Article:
As an example from another field, Intelligent Design advocates do accept some aspects of conventional thinking on evolutionary biology but reject others, often on the basis that they consider such evidence to be "unscientific" (e.g here). Should we then conclude that intelligent design is not fundamentally a rejection of evolutionary biological science?
  15. @15. J Bowers at 00:11 AM on 14 September, 2012
    The problem is your generalised caricaturish mental model of Guardian commenters BTL. Very many are overtly rightwing but, unfortunately for them, many of their preferred news outlets have put their articles behind paywalls which they seemingly prefer not to pay to get past. Many others also regularly visit the Guardian to have a go at "those lefties".

    I wasn't offering anything so crude as merely my mental model but rather evidence such as offered in the piece above. E.g. Showing a quote from a CiF contributor that indicated "moon-landing hoax" ideation and and then showing another quote from same person which suggests "leftish" or even pro-AGW leanings. I am too busy to find them now but I was only offering since I remembered seeing them at the time when being curious enough to tracked some of the commenters history (I think because this paper was recently in the news). I think a few may have been deleted from CiF since so I may not be able to find them.

    I can try and look later if you want - and comment policy permits?
  16. Decades ago I read Frank Herbert's "Dune". Quite an interesting book, actually...

    At one point in the book Lady Jessica is speaking to a group of men at a table, and she makes an imputation. One of the assembled men rises and responds angrily, to which Jessica responds with something to the effect of:

    All I did was to hold up a jacket. It was you who stood and claimed that it was your size.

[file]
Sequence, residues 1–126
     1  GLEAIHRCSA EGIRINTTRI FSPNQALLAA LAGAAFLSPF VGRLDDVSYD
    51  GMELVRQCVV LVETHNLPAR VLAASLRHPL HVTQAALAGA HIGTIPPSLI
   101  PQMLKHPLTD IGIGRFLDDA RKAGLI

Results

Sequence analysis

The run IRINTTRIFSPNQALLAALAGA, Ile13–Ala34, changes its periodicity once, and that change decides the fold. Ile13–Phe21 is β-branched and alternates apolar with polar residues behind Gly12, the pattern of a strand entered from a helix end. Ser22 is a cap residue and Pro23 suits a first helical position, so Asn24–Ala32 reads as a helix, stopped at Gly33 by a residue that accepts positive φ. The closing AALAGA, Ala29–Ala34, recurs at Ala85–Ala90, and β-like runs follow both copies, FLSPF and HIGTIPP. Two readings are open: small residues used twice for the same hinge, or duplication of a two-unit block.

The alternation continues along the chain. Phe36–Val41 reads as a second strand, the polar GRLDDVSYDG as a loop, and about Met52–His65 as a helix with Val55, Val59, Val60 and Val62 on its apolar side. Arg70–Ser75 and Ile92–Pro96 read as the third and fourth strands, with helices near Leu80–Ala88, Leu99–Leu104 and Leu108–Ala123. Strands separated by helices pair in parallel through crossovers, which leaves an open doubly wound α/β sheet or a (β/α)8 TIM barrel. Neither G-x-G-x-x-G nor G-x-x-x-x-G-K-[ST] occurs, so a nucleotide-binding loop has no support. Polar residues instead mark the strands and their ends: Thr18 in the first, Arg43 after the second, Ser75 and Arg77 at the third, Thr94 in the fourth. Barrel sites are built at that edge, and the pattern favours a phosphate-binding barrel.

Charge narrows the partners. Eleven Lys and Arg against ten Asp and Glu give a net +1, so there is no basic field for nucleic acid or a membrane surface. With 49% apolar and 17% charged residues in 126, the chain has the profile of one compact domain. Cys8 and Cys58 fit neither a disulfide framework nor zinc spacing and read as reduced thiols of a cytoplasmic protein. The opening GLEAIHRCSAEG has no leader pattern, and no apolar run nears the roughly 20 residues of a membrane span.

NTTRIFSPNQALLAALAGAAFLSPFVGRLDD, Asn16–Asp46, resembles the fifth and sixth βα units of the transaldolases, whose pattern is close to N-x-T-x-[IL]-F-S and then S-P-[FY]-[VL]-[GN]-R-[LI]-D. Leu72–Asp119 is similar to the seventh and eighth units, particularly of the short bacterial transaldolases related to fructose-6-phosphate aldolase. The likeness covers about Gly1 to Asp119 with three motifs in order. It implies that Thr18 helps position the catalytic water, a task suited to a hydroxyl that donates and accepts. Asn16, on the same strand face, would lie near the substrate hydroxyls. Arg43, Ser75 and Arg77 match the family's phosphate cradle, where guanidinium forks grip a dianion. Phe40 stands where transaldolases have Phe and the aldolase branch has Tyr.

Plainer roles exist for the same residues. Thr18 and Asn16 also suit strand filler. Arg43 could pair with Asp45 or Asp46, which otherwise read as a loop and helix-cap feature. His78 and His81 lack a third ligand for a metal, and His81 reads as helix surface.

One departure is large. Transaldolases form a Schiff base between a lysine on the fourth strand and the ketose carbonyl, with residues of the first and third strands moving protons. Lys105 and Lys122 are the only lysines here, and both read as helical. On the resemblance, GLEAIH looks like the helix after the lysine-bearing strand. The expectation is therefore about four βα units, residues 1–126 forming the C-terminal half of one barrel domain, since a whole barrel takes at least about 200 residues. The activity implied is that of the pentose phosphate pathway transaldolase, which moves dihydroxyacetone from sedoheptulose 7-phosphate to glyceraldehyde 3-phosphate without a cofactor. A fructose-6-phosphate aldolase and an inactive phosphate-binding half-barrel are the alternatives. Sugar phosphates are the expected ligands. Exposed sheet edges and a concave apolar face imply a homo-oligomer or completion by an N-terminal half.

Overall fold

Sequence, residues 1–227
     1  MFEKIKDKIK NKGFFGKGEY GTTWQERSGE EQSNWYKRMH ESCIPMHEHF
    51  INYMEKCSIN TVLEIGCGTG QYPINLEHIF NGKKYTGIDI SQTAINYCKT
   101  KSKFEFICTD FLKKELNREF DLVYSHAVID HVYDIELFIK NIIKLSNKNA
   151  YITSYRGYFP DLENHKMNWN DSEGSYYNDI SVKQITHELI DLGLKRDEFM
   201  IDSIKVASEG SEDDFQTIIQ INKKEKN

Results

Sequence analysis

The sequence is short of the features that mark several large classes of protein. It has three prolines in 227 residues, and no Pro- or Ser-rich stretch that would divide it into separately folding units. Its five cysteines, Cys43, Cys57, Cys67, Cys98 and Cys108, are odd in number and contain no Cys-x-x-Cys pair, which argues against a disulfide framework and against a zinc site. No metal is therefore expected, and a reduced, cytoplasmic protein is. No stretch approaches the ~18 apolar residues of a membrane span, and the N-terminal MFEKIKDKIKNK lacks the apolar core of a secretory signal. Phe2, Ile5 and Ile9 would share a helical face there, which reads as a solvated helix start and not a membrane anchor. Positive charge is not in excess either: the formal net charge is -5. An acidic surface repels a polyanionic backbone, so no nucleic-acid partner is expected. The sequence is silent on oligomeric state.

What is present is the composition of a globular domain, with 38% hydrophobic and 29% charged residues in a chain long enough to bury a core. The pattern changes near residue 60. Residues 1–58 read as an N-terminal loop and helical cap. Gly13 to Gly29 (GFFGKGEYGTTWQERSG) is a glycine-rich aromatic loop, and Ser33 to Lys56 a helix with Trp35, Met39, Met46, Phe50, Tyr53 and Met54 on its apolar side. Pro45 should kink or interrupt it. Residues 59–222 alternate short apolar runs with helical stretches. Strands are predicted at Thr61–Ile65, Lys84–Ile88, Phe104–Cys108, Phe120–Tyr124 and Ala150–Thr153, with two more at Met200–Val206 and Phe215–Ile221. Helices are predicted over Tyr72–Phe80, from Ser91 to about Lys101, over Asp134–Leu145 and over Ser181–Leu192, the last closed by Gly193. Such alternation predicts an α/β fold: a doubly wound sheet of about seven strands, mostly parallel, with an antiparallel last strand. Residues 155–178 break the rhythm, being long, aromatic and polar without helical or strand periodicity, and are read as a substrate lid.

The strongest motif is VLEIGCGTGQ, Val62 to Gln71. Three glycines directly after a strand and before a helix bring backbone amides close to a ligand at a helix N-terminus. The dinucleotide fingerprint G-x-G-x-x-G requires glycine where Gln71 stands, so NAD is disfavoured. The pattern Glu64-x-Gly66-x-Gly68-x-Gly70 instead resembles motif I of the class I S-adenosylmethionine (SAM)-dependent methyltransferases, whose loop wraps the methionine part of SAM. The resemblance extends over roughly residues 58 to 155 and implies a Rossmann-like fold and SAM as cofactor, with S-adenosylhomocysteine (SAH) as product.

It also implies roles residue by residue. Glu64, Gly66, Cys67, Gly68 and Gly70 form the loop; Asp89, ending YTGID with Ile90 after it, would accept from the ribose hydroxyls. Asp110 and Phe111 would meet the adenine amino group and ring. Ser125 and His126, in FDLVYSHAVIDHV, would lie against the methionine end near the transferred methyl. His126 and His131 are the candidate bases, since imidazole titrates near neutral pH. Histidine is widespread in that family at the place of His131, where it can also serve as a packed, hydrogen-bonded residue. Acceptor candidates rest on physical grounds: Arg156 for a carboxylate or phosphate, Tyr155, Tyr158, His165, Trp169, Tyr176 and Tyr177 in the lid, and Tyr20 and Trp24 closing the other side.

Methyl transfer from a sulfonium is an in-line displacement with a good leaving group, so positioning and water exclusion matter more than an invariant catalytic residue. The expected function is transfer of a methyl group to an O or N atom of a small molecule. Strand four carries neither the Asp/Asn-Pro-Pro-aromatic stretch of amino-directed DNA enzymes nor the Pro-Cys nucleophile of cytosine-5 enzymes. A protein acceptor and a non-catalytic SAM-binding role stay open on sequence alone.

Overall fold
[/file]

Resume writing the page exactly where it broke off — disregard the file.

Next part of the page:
Time and again I am reminded of that scene as I read the responses to Lewendowsky's paper. It's as if Herbert scripted the last few weeks' worth of fulmination himself...


    (And if anyone can give an off-the-cuff reference for the chapter in the book where the scene occurs, or indeed the actual quote itself, I'd be much obliged.)
  17. thomaswfuller @20, I didn't believe anybody would fall into this trap, but apparently someone did.

    Yes, more warmists believing in conspiracies than skeptics - because there are more warmists overall. When you look at proportions (which is what the correlations do), skeptics are more likely to believe in conspiracies, at least according to SL's data (even after various filtering for extreme responses).
  18. thomaswfuller said:

    "More people on your side of the fence believe in conspiracies than do skeptics."

    From this I can only surmise that you have never read any of the comments at bishophill, wattsupwiththat, climateaudit, climateetc, et. al. You have *got* to be joking.
  19. Brad Keyes' remarks about skeptics not rejecting science remind me of Clinton's "I did not have sex with that woman."

    Brad's making a semantic Hail Mary pass.

    To Paul S' response to Brad at 00:31 AM on 14 September, 2012, I'll add that rejection of one research finding frequently has ripple effects. Denying the validity of one result frequently means denying other work, sometimes leading to very absurd positions. This knock-on problem can reach the scale of carpet-bombing. An example of a little skirmish turning into total war is the stubborn insistence that a sensibly cool atmosphere cannot "warm" the planet, a skirmish that is -still- being vigorously fought in some circles and which inherently rejects a broad swath of "science."
  20. How many of the responses in the survey came from your own University?
  21. Dr. Lewandowsky,